If you have lived in McPherson long, you have probably noticed flames burning on towers at the NCRA refinery.

If you have lived in McPherson long, you have probably noticed flames burning on towers at the NCRA refinery.
Those flares are a part of the environmental safety system at the plant. Flares act as a safety relief valves for the facility.
When gases build up in various systems at the plant, the excess pressure is relieved by burning the gases through one of the refinery’s seven flares.
The main flare is an orange and white stripped tower on the west side of the plant, which can be seen from U.S. Highway 81.
NCRA has a permit that governs its dispersal of pollutants into the air. If it exceeds the amount of pollutants dictated by the government, it must report those amounts to the local and state officials within as quickly as 15 minutes of their dispersal into the air.
Rhett Heflin, manager, NCRA Environmental Department, said the refinery typically makes one of these reports a month. On July 9, the plant exceeded it output of sulfur dioxide.
The release was 561 pounds of sulfur dioxide, and the limit is 500 pounds.
However, the refinery did not exceed its standards for ambient air quality during that period.
Marian Massoth, air permit section chief at Kansas Department of Health and Environment, said the ambient air quality is the chief measure of air quality in a given area.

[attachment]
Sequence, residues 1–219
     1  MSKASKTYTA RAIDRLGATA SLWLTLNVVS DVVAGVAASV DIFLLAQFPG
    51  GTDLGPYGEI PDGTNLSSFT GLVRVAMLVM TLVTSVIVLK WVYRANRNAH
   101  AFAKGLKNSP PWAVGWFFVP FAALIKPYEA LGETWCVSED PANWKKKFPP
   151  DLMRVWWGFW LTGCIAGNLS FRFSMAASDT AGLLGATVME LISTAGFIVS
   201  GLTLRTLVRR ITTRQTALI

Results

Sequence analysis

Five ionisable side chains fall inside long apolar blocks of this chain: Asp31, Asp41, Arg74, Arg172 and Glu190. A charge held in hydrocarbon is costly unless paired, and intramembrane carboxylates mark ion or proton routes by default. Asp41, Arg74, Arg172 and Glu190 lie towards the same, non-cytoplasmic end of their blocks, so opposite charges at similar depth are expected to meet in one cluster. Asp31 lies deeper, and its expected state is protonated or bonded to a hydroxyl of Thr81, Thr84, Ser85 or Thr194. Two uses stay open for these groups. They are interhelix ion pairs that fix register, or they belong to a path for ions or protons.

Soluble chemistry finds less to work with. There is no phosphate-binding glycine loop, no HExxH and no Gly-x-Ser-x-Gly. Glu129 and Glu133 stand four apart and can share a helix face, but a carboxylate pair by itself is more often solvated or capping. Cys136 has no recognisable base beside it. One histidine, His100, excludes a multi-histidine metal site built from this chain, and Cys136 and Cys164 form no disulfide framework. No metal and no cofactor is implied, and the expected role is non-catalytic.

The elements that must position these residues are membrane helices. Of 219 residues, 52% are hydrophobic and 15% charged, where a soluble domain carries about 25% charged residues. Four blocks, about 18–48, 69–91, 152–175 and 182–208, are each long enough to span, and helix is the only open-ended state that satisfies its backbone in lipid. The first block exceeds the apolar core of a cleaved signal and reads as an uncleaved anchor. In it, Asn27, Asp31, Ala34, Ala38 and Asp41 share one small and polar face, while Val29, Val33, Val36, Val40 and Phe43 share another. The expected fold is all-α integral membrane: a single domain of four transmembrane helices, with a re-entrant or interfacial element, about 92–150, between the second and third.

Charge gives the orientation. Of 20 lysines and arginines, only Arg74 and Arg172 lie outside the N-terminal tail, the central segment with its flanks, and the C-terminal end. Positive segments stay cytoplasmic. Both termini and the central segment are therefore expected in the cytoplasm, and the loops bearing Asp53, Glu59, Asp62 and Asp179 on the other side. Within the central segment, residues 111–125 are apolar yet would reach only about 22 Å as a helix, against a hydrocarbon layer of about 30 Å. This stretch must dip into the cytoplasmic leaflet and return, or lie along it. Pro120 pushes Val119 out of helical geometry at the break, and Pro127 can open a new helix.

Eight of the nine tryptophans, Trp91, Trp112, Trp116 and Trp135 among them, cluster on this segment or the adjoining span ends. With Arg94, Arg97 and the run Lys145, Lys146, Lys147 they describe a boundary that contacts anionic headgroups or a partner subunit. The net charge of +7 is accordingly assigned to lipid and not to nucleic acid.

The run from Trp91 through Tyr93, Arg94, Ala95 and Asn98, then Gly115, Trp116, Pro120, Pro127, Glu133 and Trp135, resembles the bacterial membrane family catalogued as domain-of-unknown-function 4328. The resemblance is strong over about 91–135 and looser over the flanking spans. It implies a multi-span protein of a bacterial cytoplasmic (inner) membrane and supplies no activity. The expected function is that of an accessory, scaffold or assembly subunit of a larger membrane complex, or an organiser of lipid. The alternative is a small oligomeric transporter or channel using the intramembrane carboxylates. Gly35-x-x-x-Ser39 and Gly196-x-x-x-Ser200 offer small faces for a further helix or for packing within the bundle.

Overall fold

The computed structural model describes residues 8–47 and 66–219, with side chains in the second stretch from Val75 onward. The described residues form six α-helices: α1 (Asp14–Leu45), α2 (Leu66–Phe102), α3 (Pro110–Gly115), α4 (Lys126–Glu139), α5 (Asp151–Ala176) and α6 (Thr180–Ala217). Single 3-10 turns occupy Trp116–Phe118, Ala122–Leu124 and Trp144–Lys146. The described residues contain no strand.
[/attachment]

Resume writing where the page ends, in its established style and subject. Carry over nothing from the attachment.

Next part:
She said to her knowledge, there had been no recent complaints of NCRA exceeding ambient air quality standards.
Regulatory agencies set the ambient air quality standards at a level with the weakest residents of the area in mind. This includes children, those with weakened lungs and asthmatics, Massoth said.
However, she said factors, such as distance from the emissions site, wind speed and wind direction, can all be factors in how pollutants affect local residents.
Heflin said there likely will be another flare event Tuesday as the refinery brings on new electric compressors for its cat cracker unit.
These are expected to be clean gases. Clean gases that are burned at the flares are similar to those residents would encounter in their everyday lives, such as propane, natural gas, butane or hydrogen.
Occasional flare burns are a normal part of the operations at the plant. The flares burn excess hydrocarbons, which cannot be recovered or recycled.
Residents should not be concerned when they see one of the flares burning, Heflin said.
Although the refinery tries to minimize the use of its flares, it is sometimes necessary to burn excess gases when parts of the plant are started up or shutdown because of maintenance or because there is a power outage.
The plant has redundancies on its electric system and emergency generators to run its control systems in case of a power outage.
However, the flares have pilot lights that are required to be lit at all times in case there would be an emergency situation during which gases would need to routed to the flares.
Steam is mixed with the gases when they are burned at the flares. This system ensures that the flare system can produce maximum combustion of the hydrocarbons with the least amount of emissions. If not enough steam is present, the flares may temporarily produce smoke. Once the steam is adjusted, the smoke should abate. Smoke does not mean the flares are working incorrectly or there is any problems at the plant.
In addition, the flares may emit a rumbling sound. This sound comes from the mixing of air, vapors and steam during the flaring process.
“The NCRA Refinery is committed to ensuring that our operations run safely and with minimal impact on the community and the environment,” the company said in a written statement. “We strive to minimize flaring, keeping it to the times that is necessary for the continued safe operations of our plant. So when you see one or more flares burning, be assured that their role is to keep the refinery running safely.”